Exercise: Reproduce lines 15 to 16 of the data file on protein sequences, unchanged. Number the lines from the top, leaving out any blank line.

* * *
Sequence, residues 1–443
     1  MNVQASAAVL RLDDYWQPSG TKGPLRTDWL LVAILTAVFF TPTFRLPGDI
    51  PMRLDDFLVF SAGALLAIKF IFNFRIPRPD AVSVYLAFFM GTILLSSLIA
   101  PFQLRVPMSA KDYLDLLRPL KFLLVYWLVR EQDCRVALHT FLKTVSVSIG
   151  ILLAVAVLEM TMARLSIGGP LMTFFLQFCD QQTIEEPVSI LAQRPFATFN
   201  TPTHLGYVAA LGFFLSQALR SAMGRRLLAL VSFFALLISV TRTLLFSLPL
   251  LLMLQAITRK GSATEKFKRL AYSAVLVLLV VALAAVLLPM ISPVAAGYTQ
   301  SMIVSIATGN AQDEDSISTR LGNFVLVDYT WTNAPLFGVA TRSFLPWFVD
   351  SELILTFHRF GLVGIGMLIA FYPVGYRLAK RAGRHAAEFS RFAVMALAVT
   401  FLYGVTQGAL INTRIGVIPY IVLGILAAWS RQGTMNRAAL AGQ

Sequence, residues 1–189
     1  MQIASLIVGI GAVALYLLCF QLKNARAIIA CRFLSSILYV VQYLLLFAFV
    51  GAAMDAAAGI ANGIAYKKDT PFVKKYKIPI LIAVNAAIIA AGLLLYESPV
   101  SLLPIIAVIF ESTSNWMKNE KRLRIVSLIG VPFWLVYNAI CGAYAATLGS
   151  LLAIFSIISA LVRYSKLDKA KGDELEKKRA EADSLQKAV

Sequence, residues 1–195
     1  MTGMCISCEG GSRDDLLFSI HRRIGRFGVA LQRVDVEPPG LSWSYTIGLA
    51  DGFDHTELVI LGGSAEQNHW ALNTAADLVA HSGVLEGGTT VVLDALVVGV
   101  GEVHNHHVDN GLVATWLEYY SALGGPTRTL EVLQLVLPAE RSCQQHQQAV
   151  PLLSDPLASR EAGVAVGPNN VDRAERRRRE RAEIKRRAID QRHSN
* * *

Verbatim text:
   151  LLAIFSIISA LVRYSKLDKA KGDELEKKRA EADSLQKAV

Sequence, residues 1–195